USF&G; Corp., slashing its dividend further and promising additional layoffs, said yesterday that it lost a record $610 million in the final three months of 1990.
The announcement marked the latest round in a 4-month-old corporate retooling at the financially troubled company as it confronts a stubborn downswing in its property and casualty insurance operation and a painful loss of value in its real estate and "junk" bond holdings.
The big Baltimore-based insurance company said $130 million of the fourth-quarter loss stemmed from its insurance and financial-services businesses, the remainder from various investment losses and expenses related to the corporate restructuring.
"USF&G; has taken a series of decisive actions to significantly strengthen our balance sheet, sharpen our business focus and lower our cost of doing business to enable us to be a vigorous competitor in our markets," Norman P. Blake Jr., USF&G; chairman and chief executive, said in a statement.
"These actions are based on a comprehensive review of our business strategy, asset base and all aspects of our operations, which have been the focus of several internal task forces over the past three months," said Mr. Blake, who joined USF&G; in late November.
Mr. Blake said the company had further decided to "discontinue several of its operations, including leasing, travel services and other non-core businesses." He did not elaborate except to say the areas that will be abolished lost $108 million last year, including a one-time $68 million expense in the fourth quarter.
In addition, the company said it had again slashed its quarterly dividend, this time to 5 cents a share, and reaffirmed that additional "significant" layoffs were coming. Nearly four months ago, USF&G; cut its dividend to 25 cents a share from 73 cents, and last month it eliminated 900 of its 11,800 jobs.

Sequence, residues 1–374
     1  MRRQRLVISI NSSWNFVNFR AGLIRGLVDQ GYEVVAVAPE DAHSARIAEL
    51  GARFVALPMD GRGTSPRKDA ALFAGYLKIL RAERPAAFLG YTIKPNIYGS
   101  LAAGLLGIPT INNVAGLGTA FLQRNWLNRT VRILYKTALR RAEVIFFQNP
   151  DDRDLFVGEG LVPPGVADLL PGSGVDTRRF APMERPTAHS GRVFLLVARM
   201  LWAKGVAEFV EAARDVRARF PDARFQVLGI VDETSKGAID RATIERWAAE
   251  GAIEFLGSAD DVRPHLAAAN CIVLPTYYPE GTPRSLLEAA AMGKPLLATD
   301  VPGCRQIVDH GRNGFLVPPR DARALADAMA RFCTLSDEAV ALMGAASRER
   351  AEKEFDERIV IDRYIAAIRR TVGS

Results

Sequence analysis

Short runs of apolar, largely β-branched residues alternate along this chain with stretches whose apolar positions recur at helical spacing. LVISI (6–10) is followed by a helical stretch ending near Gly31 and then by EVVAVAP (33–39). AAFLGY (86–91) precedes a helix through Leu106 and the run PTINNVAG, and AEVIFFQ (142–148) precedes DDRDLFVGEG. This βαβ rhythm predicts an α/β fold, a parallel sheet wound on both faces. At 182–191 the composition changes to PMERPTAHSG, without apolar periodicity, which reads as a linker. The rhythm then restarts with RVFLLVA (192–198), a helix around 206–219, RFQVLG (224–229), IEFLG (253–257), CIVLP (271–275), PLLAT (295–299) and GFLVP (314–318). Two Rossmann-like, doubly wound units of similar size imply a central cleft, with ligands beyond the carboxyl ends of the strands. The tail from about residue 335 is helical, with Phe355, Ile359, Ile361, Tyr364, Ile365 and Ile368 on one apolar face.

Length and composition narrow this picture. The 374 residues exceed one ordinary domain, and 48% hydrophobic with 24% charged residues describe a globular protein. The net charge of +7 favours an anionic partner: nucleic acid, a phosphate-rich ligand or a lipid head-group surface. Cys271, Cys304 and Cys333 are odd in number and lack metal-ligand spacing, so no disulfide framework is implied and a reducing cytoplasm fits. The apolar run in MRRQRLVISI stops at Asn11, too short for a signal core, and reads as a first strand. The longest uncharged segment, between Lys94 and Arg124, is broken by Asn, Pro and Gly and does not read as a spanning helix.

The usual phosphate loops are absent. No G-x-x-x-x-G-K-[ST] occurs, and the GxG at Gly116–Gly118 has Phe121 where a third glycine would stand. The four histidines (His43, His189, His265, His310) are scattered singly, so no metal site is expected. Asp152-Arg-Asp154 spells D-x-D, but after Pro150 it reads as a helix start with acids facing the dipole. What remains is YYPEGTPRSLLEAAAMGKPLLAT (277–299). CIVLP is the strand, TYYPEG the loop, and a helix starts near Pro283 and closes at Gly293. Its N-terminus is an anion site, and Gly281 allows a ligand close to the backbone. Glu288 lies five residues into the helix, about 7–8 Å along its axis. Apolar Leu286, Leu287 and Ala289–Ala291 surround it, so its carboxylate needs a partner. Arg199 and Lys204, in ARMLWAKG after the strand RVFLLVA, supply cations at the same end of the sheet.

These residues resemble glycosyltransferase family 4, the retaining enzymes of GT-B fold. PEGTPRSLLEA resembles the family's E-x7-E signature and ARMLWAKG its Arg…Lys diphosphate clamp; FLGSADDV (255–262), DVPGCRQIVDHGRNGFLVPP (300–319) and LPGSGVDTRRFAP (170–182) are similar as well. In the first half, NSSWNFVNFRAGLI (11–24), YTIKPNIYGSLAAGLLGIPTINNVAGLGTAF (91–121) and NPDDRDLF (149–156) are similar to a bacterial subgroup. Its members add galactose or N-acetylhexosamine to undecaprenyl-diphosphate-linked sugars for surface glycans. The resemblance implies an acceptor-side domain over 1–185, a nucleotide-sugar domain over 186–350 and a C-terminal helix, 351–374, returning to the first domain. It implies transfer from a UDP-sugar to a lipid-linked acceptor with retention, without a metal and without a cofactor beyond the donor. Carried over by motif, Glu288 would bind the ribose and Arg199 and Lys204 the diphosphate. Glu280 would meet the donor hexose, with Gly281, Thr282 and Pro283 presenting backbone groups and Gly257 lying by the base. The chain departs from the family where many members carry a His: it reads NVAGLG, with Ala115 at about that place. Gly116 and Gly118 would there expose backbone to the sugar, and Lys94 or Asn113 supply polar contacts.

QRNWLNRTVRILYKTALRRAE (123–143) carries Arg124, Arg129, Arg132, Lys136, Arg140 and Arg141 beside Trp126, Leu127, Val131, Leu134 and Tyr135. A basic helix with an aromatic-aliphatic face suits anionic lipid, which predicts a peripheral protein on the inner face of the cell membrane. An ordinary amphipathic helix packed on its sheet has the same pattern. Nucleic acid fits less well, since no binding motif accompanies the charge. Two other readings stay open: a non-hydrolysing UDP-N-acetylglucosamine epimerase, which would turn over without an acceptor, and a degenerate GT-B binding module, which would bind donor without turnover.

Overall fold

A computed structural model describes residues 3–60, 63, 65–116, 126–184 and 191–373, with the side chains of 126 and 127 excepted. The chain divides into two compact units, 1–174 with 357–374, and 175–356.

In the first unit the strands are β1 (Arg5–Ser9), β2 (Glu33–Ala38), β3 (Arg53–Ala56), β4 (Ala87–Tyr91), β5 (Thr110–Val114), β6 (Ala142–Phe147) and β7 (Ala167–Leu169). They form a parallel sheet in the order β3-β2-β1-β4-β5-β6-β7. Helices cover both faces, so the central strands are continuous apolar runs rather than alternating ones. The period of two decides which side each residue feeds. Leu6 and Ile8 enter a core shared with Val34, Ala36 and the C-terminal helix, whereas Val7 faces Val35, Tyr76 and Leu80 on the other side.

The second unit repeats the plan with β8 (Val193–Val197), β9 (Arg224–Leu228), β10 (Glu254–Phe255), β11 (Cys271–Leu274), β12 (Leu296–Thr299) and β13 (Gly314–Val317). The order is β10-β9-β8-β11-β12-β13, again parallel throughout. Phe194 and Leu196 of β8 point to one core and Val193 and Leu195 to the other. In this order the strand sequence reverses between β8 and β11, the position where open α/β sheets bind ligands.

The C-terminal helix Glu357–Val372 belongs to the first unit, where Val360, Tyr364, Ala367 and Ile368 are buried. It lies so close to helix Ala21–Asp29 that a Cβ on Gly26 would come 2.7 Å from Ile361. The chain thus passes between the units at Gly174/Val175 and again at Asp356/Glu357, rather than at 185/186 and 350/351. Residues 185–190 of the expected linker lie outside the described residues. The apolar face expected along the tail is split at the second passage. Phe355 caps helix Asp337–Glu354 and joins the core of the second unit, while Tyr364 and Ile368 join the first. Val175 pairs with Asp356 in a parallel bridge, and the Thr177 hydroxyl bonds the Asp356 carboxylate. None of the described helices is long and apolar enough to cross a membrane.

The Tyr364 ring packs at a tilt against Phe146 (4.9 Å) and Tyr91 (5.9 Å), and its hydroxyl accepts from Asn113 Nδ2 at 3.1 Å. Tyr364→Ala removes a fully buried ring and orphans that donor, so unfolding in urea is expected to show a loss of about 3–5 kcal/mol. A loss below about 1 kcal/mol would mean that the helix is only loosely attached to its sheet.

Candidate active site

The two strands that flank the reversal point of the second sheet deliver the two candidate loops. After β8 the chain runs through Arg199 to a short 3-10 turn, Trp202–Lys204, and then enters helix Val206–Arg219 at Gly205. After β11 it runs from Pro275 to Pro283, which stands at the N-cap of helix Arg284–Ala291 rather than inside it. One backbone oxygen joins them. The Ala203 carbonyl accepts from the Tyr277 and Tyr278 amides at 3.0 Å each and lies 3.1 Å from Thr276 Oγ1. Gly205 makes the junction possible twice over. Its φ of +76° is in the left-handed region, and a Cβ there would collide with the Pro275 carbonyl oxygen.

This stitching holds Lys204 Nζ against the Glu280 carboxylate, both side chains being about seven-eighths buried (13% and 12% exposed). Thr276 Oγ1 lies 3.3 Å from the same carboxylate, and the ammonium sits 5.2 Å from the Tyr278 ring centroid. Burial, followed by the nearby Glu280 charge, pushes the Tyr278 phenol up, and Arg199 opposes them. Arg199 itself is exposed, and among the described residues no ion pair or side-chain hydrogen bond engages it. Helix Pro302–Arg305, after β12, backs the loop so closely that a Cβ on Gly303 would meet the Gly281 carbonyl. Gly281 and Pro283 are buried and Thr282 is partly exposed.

For the final quarter of 1990, USF&G; lost $610 million, or $7.32 a share, in contrast to earnings of $104 million, or $1.20 a share, during the same period in 1989. The fourth-quarter loss resulted in a loss for all of 1990 of $569 million, or $6.99 a share, in contrast to earnings of $119 million, or $1.24 a share, in 1989.
Revenue for the quarter fell to $1.17 billion from $1.22 billion during 1989's fourth quarter. The company had revenue of $4.5 billion in all of 1990, compared with revenue of $4.7 billion the year before.
Analysts said yesterday that the company was expected to lose money in the fourth quarter but that the magnitude of the loss and the dividend cut was surprising.
"Most people were expecting that Mr. Blake, who has a strong reputation as a cost-cutter, would certainly address up front a lot of these problems," said James F. Guenther, who follows USF&G; as vice president at Duff and Phelps in Chicago. "I think Mr. Blake has made a statement, and it's one that should serve to improve the credibility of the organization."
USF&G;'s stock fell $1.75 a share yesterday to close at $8.75 on the New York Stock Exchange. It was the eighth most actively traded stock on the Big Board.
Beneath the figures driving yesterday's earnings statement were business decisions that including getting rid of $1.17 billion worth of junk-bond holdings, real estate holdings and common stocks. At the end of last year, USF&G; said it held for sale $750 million in common stock, $264 million in high-yield bonds and $152 million worth of real estate.
In all, USF&G; has investments of about $11.2 billion and total assets of $13.9 billion. The company's stockholder equity was $1.2 billion at the end of 1990, down from $2 billion a year earlier.
"As we went through the evaluation over here in the last several months, one of the things we focused on was how to improve the balance sheet," said Edwin G. Pickett, the company's executive vice president and chief financial officer. "We feel that as a result of these actions that we have significantly improved the stability of this balance sheet and the strength of the organization."
One of the concerns of the company, Mr. Pickett said, was that the volatile nature of its investments was causing a key financial ratio to fluctuate, leading to a number of operating problems. Insurance companies are expected to maintain a surplus level -- a financial cushion required by regulators -- that is equal to no less than one-third the amount of premiums written each year.